Now, here is the quiz for those who read the entire discussion: Today, I met the fellow who played the banjo at the Fries Jam Session. I told him that we were happy he showed up to offer some contrast to the five guitarists and that we appreciated his playing. He said, "I was really out of my element. Without the fiddle player there, I didn't add much. I really play off the fiddle player." Would this banjo player be more likely to be found playing in an old-time band or a bluegrass band? (Answer later.)

I wish I could be with you to hear you skillfully clarify the difference when someone casually asks, "What's the difference between 'old-time' and 'bluegrass' music?" You'll amaze that person.

There was strong competition among the old-time bands at Elk Creek. There were over 25 bands competing in that category, and each played two songs. It was pretty impressive to see a band finish and within three minutes another band had set up, done a sound check, and begun playing.

With 25 bands each playing two songs, there were only about two duplicates that I could recall and even those had different stylings. Obviously, there is a rich resource of songs upon which to draw. While there is strong similarity of style (old-time music), there is such a variety of presentation that one does not become tired of the music.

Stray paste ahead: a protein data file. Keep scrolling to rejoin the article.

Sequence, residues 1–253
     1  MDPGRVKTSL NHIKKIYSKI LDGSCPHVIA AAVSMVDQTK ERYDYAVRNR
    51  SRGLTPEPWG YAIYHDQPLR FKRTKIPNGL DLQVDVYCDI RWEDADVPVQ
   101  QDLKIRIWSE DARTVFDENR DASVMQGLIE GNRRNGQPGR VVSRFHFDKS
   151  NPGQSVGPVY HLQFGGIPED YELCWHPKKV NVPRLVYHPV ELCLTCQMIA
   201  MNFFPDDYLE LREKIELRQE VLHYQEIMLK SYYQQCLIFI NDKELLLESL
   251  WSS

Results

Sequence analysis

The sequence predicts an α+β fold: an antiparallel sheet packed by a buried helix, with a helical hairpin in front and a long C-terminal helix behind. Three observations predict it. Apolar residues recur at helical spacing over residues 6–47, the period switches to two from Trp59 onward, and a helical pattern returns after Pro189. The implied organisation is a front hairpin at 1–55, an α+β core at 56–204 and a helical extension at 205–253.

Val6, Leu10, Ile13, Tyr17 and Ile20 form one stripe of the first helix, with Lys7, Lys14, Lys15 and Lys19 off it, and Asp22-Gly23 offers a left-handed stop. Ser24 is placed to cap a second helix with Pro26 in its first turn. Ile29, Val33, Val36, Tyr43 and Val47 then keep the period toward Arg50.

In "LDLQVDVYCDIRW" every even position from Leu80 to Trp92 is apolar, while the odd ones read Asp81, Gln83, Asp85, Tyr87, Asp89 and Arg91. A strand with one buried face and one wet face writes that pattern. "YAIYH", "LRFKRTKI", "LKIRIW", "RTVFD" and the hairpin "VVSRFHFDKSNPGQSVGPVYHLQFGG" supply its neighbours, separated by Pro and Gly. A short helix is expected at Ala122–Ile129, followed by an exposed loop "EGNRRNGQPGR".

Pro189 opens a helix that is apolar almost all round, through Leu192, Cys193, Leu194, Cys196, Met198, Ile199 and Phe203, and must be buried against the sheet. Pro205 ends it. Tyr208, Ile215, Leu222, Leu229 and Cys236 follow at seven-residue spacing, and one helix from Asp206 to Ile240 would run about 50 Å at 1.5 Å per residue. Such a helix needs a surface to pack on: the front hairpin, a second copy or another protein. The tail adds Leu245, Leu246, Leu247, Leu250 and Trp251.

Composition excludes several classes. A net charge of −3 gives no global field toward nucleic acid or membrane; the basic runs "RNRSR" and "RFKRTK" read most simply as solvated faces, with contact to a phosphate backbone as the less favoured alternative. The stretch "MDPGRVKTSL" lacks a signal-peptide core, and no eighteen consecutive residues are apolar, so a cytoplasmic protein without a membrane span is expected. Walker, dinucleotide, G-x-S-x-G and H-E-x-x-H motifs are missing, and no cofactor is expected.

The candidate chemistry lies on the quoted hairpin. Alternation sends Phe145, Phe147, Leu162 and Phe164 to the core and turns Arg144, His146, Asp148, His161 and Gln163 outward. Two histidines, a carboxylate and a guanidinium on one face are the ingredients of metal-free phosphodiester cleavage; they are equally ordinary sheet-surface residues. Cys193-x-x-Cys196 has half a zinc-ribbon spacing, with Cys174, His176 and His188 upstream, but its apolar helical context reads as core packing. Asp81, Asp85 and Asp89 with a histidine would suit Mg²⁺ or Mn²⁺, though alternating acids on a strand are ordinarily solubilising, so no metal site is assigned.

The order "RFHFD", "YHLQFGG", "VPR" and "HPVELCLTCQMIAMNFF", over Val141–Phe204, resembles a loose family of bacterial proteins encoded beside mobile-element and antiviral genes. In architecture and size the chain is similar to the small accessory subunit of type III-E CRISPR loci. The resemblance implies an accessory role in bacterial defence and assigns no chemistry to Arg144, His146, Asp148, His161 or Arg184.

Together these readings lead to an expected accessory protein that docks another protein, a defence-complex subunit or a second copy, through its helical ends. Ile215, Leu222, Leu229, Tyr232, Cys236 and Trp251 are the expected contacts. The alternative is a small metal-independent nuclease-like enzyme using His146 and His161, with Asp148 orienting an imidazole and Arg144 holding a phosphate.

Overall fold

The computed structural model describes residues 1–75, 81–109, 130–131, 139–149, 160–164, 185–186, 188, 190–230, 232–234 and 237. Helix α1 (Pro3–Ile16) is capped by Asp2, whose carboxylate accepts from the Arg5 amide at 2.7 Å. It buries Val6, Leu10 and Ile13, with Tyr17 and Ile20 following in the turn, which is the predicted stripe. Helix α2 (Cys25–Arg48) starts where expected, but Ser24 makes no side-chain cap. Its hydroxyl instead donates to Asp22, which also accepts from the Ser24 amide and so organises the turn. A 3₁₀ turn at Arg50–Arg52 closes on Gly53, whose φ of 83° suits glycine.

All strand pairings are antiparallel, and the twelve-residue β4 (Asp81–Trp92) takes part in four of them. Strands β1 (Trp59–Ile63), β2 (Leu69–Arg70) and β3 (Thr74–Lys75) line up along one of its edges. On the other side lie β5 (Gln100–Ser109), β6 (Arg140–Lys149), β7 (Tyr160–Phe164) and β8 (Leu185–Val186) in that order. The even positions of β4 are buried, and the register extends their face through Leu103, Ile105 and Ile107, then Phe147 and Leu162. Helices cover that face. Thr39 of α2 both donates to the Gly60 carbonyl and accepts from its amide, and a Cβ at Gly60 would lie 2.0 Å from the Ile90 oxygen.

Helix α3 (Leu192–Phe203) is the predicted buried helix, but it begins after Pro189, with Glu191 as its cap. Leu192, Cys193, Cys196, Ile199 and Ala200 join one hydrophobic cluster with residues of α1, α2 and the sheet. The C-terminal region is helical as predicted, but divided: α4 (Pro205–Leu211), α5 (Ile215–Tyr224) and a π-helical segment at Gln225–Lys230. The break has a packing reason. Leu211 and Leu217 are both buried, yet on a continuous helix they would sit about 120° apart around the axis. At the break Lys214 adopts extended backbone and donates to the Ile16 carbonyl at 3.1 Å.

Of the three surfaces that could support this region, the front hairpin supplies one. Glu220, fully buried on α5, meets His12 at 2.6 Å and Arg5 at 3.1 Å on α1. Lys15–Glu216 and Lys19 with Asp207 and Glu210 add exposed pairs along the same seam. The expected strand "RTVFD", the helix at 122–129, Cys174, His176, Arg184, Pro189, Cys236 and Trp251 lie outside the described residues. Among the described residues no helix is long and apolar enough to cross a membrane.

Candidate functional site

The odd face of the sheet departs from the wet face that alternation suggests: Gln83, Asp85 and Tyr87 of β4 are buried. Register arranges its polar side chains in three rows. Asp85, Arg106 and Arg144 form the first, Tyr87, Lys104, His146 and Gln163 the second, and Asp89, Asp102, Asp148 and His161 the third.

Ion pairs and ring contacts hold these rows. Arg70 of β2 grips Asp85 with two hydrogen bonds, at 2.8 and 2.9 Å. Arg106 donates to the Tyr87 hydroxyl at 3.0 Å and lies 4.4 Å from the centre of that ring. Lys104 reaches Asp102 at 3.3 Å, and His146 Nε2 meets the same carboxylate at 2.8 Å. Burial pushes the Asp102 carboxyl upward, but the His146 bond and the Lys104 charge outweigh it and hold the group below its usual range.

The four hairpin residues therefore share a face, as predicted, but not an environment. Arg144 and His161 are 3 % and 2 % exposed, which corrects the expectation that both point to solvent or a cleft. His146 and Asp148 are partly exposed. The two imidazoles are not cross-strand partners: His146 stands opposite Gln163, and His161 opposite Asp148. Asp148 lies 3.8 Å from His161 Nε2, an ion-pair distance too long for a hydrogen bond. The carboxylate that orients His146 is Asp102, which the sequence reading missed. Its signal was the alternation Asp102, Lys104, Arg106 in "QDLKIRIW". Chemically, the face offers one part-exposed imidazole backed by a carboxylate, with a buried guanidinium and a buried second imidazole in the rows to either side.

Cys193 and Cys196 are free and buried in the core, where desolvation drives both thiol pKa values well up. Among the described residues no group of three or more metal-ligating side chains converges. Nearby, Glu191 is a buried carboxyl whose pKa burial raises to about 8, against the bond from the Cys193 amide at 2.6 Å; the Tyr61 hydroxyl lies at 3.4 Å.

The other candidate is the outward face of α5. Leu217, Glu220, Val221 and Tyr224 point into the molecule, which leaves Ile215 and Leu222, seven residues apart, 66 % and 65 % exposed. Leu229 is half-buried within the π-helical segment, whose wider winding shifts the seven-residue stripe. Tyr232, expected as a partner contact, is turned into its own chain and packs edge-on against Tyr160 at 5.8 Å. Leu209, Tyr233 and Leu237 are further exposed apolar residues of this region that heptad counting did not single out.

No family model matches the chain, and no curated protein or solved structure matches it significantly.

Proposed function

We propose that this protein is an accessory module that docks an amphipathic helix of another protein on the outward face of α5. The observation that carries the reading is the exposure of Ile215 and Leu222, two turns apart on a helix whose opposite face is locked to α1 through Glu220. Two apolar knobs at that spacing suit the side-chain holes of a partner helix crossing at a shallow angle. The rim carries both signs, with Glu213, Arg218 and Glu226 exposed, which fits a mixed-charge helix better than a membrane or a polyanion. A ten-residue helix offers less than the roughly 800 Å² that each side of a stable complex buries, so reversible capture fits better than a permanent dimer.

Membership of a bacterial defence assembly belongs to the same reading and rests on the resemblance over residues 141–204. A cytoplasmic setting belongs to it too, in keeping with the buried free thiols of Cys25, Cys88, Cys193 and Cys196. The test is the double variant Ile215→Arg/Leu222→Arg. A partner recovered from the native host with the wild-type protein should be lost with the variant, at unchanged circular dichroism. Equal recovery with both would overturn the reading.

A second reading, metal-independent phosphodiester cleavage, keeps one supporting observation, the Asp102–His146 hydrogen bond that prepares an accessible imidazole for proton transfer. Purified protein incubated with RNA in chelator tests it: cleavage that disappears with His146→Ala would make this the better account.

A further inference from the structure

We met Gerald Anderson in the afternoon. This meeting will be the focus of a topic in a few days.

After spending time comparing travel experiences with Fran and Jim and wishing Fran well playing her new guitar, we said farewell to our two new friends.

Answers: (1) The apparatus is an ice cream maker used by the folks selling homemade ice cream. I remember the hand cranked model. (2) Our banjo-playing friend would have performed in an old-time band (which featured the fiddle and did not focus on solo performances by the members of the band). Interestingly enough, the fellow, who is from Fries, was playing with an old-time band from Stewardstown, PA in this category of the competition. It seems that a couple of days ago he learned the Pennsylvania band was looking for a banjo player, so he joined them for the competition. When you're skilled, I guess it's pretty easy to fit in with other skilled players in a certain style of music.

Finally, the surrounding area was beautiful, and I just wanted to add a couple of photos of the Elk Creek area.